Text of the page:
Manchester is a beautiful city, as we all know. Its buildings, canals and nearby countryside all add up to a fantastic location for films and TV shows. So, whether made here or about here, we bring you 20 examples of films and television programmes filmed in Manchester.
Who would have believed that an epic about the birth of Soviet Communism, directed by and starring Warren Beatty, would film some of its key scenes right here in Manchesterford, where parts of the city stood in for New York at the turn of the century. 'Reds' is a hugely impressive film, co-written by Beatty with Mancunian Trevor Griffiths and co-stars Diane Keaton and Jack Nicholson. If it's ever on TV, Rusholme to see it...
Manchester Town Hall provides some stunning backdrops, passing as the Victorian streets of London town in this Guy Ritchie romp which starred Robert Downey Jnr and Jude Law, someone who crops up later on in this list. Much excitement abounded in the city when this was being filmed...
When Manchester Town Hall was doubling as the Houses of Parliament for this film, there was also a wedding taking place. The film crew had been told to keep the noise down and not disrupt the celebrations. Following the ceremony, when the bride and groom took their seats for the wedding breakfast, a handwritten card had been left with a bottle of champagne, signed with love from Meryl Streep. Iron? Sugar and spice and all things nice, we say.
Just behind Piccadilly, where it isn't quite but is almost the Northern Quarter, hunky Chris Evans ran up and down our streets in tight spandex for a couple of weeks back in 2010, filming scenes for the action adventure which would be released a year later. When you watch the film now you can't help but notice how he's running down a Manchester street only to turn the corner onto Albert Dock, Liverpool... Amazing!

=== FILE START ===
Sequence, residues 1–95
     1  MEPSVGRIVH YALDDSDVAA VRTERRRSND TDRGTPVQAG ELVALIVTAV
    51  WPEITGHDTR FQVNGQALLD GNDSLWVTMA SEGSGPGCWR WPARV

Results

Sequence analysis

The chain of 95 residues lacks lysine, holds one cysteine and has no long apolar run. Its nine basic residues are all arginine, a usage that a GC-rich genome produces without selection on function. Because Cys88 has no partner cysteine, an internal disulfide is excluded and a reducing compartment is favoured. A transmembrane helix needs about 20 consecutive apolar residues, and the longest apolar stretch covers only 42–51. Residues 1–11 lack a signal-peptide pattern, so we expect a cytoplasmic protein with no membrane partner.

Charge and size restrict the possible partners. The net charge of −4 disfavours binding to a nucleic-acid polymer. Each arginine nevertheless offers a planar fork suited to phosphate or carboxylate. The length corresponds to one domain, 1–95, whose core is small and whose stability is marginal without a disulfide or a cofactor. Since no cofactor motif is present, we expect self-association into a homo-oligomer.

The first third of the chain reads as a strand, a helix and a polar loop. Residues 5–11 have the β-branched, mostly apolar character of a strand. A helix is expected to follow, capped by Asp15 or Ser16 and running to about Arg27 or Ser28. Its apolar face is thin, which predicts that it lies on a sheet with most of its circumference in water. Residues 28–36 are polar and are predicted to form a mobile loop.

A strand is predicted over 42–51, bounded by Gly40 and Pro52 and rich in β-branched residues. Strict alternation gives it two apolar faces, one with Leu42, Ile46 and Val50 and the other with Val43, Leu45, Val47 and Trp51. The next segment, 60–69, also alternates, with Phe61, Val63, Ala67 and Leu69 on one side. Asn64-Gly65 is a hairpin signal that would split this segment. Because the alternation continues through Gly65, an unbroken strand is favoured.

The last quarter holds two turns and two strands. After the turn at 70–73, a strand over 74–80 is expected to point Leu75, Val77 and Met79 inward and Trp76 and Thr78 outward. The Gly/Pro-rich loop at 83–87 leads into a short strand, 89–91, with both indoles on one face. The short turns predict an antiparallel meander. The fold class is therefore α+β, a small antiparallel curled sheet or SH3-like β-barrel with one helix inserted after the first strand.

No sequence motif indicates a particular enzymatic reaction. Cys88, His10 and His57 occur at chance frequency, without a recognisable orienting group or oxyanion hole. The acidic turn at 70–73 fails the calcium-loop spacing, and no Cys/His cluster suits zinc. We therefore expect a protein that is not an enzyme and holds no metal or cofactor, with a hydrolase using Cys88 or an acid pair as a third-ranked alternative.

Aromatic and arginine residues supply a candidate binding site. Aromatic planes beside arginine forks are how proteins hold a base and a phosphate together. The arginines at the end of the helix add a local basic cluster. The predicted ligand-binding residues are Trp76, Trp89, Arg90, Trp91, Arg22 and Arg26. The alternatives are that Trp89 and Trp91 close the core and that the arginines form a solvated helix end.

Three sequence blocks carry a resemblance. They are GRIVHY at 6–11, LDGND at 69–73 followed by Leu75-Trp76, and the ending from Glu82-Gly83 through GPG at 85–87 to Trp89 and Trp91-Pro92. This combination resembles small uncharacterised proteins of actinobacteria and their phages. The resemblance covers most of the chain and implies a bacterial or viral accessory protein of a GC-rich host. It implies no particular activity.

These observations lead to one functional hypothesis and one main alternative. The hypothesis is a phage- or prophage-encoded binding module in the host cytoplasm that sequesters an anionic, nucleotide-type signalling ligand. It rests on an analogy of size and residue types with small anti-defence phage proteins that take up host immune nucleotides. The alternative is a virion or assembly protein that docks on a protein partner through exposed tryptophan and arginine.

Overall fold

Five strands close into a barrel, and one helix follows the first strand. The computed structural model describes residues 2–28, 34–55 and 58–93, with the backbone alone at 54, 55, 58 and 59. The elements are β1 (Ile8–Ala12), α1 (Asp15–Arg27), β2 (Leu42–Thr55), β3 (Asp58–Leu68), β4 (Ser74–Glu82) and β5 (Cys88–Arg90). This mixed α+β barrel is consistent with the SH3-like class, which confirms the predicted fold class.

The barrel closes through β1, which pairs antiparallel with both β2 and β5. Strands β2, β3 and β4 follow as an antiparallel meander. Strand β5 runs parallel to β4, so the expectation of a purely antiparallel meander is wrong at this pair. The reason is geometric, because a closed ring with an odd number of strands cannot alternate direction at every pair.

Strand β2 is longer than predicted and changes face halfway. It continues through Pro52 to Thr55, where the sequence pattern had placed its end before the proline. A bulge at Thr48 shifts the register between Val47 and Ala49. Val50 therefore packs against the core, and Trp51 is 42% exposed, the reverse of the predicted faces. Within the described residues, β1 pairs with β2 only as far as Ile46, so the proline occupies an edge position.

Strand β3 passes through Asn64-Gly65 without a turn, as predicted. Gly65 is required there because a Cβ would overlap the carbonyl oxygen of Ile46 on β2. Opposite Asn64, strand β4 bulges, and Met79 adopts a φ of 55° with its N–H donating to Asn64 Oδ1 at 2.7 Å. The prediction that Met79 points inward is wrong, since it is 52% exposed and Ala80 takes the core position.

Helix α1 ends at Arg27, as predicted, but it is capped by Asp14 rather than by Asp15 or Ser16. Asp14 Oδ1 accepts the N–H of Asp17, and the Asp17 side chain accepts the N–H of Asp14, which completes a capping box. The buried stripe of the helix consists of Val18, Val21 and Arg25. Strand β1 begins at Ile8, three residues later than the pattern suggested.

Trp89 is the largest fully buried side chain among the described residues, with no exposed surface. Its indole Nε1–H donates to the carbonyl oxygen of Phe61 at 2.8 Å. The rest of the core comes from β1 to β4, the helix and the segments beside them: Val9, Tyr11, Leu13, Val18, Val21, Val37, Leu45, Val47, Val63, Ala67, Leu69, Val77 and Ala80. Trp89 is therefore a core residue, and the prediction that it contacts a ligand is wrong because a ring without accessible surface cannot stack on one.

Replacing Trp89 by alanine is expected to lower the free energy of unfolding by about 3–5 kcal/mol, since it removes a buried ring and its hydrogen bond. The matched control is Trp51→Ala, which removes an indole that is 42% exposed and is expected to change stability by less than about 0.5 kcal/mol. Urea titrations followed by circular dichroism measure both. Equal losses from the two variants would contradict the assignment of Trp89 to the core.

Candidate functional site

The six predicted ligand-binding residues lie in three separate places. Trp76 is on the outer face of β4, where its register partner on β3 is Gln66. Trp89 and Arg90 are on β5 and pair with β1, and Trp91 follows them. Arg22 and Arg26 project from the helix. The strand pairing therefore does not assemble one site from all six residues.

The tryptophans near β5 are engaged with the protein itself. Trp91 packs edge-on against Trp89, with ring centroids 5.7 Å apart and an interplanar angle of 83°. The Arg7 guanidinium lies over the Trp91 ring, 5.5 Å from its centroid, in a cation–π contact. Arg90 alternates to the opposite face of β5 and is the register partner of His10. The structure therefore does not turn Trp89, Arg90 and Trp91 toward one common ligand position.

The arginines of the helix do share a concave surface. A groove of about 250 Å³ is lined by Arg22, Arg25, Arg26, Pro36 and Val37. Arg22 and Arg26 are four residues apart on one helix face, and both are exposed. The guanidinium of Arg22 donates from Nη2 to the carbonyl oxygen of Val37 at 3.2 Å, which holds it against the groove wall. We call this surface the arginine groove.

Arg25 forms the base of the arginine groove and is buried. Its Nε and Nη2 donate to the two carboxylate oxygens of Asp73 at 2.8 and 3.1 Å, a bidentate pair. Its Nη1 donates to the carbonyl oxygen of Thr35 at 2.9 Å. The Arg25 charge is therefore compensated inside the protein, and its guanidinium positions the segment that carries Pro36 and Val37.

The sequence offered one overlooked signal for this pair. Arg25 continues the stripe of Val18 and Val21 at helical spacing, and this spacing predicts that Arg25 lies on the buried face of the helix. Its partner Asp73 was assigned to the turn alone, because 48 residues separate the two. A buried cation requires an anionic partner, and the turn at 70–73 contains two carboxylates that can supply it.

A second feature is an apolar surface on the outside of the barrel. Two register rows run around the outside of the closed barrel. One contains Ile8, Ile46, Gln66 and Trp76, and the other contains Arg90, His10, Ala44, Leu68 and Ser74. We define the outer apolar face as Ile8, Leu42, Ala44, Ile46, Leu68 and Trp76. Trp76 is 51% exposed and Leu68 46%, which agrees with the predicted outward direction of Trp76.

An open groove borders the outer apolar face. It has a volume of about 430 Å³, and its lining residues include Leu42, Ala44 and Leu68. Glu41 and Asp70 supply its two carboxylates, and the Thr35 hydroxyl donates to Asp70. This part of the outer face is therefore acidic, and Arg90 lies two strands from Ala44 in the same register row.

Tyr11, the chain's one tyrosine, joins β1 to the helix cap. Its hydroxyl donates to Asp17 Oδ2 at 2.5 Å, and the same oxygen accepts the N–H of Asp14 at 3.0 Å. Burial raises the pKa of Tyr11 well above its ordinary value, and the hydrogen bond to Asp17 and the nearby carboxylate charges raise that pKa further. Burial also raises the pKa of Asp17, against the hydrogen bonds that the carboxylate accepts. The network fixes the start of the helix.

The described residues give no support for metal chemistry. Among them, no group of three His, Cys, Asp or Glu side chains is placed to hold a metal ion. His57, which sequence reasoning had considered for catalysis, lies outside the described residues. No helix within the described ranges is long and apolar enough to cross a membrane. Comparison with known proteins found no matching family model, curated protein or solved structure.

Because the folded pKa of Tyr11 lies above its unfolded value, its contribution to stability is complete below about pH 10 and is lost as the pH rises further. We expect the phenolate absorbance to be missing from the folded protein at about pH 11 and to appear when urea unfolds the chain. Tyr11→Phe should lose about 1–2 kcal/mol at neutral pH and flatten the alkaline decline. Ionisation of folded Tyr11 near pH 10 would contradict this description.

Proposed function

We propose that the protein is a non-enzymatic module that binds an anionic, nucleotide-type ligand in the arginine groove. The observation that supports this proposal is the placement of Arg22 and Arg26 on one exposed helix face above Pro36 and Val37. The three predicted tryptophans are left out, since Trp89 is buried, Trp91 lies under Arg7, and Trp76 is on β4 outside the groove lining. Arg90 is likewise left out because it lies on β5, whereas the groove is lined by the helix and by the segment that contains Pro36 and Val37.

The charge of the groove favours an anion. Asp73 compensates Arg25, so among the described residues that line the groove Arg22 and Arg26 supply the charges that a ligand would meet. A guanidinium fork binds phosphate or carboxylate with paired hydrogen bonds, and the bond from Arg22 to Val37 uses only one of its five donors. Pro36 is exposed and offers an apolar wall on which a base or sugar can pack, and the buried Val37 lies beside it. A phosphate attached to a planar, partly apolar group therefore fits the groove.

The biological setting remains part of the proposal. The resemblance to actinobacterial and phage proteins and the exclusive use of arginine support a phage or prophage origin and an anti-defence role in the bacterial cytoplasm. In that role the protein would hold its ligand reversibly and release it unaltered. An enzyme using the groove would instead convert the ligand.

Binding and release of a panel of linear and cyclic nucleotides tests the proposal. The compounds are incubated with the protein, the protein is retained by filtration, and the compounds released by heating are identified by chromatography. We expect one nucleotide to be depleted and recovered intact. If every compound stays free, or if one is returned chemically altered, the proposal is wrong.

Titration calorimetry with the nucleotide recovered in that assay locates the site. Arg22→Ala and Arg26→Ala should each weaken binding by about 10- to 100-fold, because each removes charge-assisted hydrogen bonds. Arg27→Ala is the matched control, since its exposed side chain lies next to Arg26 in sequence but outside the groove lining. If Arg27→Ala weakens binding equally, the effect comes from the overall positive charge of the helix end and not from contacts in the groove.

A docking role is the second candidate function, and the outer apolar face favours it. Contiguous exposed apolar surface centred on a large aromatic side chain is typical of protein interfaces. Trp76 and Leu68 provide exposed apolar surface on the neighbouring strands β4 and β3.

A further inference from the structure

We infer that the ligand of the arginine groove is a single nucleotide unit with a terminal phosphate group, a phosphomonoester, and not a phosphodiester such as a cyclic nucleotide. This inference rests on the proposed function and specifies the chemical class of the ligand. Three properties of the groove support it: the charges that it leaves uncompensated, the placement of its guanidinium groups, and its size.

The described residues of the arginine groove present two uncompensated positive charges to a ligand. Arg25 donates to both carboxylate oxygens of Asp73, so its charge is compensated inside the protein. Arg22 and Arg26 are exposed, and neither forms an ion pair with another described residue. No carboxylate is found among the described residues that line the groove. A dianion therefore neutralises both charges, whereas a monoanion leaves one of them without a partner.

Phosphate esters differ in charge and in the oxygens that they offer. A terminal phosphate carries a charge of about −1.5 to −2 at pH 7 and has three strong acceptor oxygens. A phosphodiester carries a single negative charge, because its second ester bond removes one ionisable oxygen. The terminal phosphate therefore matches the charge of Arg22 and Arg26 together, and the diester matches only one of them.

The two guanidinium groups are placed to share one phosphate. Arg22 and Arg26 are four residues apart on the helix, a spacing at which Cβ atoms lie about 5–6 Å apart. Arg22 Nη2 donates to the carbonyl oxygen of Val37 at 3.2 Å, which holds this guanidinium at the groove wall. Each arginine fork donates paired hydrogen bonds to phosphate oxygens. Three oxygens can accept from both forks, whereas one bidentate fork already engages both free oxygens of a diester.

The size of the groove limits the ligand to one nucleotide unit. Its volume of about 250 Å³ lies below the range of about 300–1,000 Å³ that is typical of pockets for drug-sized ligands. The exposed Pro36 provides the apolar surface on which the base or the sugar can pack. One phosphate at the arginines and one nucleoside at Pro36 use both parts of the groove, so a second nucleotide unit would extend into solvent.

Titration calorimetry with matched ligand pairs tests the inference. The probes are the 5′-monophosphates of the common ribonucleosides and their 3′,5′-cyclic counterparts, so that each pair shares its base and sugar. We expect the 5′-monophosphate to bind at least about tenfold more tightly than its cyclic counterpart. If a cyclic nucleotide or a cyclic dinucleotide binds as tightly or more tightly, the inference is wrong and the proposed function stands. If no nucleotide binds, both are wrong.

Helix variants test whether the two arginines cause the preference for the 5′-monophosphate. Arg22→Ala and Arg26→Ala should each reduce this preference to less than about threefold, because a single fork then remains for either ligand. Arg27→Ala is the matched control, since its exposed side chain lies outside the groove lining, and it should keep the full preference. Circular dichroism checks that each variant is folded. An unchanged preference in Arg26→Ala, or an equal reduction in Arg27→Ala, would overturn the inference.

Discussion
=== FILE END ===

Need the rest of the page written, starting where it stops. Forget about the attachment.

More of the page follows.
Queer as Folk
Iconic. Ground breaking. A game changer. Clichés all. And yet, each applies to this still astonishing TV drama, shot in part in and around Canal Street. It's hard to underestimate the impact it had, not only on the LGBT community, but on how Manchester came to be viewed as a city where difference was not tolerated, it was celebrated. Quite something for a show nobody expected to work.
The Royle Family
Surely one of the greatest TV shows ever. Caroline Aherne's glorious, beautifully observed, gentle comedy, a peeping eye over the strange ways of a Northern family, is Mancunian through and through. And yet it manages a universal charm which has the power to leave you in tears. Quite wonderful.
Pride and Prejudice
Remember when Colin Firth emerged from that lake, dripping wet, and the nation's hearts missed a beat? Lyme Hall and Park were the backdrop, helping to make this one of the most memorable of TV romances.
Feeling nostalgic for the Lowry-esque billowing factory chimneys and cobbled streets of yester-year? Then look no further than this fine adpatation of the ground-breaking play by Shelagh Delaney, for which we can also give thanks for a hundred Morrissey lines as well. Grim up north? Not arf.
What would happen if Christ did come back? And what if he came back as a Mancunian? Russell T Davies' unexpected drama culminated in miracles at Man City football ground (and that doesn't happen very often!) with Christopher Eccleston as a very Mancy Christ.
Set in the 1890s, this adaptation of Harold Brighouse's working class comedy, a favourite rep company standby since it was first performed in 1916, sees Laughton's tyrannical Lancashire bootmaker brought to heel when his plain-speaking daughter (de Banzie) marries his downtrodden, simple-minded employee (Mills) and sets up a competitive business. It could so easily have been a load of old cobblers; but Lean's sharp direction and impeccable performances from the cast transform a slight comedy into a timeless delight.
Corrie. What else is there to say?